Targeting DSG3: from pemphigus to squamous cell carcinoma

Desmosomes are specialized structures of the cell membrane that are crucial for the establishment and maintenance of cell-cell adhesion and tissue integrity. Transmembrane proteins of desmosomes, desmogleins, and desmocollins are responsible for extracellular binding and, thus, are important for interkeratinocyte cohesion. Desmoglein 3 (DSG3)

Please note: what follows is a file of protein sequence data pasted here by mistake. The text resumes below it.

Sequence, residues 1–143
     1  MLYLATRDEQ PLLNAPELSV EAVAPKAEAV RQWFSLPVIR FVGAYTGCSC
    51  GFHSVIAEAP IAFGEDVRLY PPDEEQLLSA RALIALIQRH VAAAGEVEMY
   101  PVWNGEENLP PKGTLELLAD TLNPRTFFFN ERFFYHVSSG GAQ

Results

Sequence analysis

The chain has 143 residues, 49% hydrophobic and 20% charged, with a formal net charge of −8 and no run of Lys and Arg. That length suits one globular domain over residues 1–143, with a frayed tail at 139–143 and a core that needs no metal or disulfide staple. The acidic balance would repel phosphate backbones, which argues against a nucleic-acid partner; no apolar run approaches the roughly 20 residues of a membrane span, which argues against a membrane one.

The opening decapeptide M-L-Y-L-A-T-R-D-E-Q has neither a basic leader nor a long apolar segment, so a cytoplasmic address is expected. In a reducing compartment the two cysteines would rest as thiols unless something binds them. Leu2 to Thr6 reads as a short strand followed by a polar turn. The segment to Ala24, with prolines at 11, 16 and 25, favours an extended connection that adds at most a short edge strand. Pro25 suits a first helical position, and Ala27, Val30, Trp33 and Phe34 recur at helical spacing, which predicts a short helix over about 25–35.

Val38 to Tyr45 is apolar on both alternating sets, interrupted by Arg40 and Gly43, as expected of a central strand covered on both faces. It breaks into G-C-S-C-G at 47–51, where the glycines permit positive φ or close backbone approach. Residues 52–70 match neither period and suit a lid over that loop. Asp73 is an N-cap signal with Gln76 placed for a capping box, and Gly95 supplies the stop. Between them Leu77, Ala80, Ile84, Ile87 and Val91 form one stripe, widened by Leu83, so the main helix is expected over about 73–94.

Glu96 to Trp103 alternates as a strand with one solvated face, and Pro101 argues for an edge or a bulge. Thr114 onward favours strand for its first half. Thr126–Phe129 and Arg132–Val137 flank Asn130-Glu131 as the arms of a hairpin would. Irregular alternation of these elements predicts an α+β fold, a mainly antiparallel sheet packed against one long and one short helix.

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is a member of the desmoglein subfamily of cadherin cell adhesion molecule superfamily. It is mainly expressed in stratified epithelia, including the basal and suprabasilar epidermal layers and throughout the oral epithelium layers. In the human autoimmune blistering disease pemphigus vulgaris, autoantibodies against DSG3 cause loss of cell-cell adhesion (acantholysis) with resultant epidermal and mucosal blisters. More recently, a potential role of desmosomes in cancer development has been hypothesized. To this regard, several investigations have focused on the possible contribution of DSG3 in carcinogenesis. In this article, the role of DSG3 in the process of squamous cell carcinogenesis and the controversies concerning this issue will be discussed.

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